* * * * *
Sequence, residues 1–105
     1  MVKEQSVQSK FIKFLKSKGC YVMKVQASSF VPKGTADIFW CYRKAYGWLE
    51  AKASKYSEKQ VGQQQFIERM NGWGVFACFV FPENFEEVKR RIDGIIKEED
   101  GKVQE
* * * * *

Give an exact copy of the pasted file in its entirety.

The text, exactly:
Sequence, residues 1–105
     1  MVKEQSVQSK FIKFLKSKGC YVMKVQASSF VPKGTADIFW CYRKAYGWLE
    51  AKASKYSEKQ VGQQQFIERM NGWGVFACFV FPENFEEVKR RIDGIIKEED
   101  GKVQE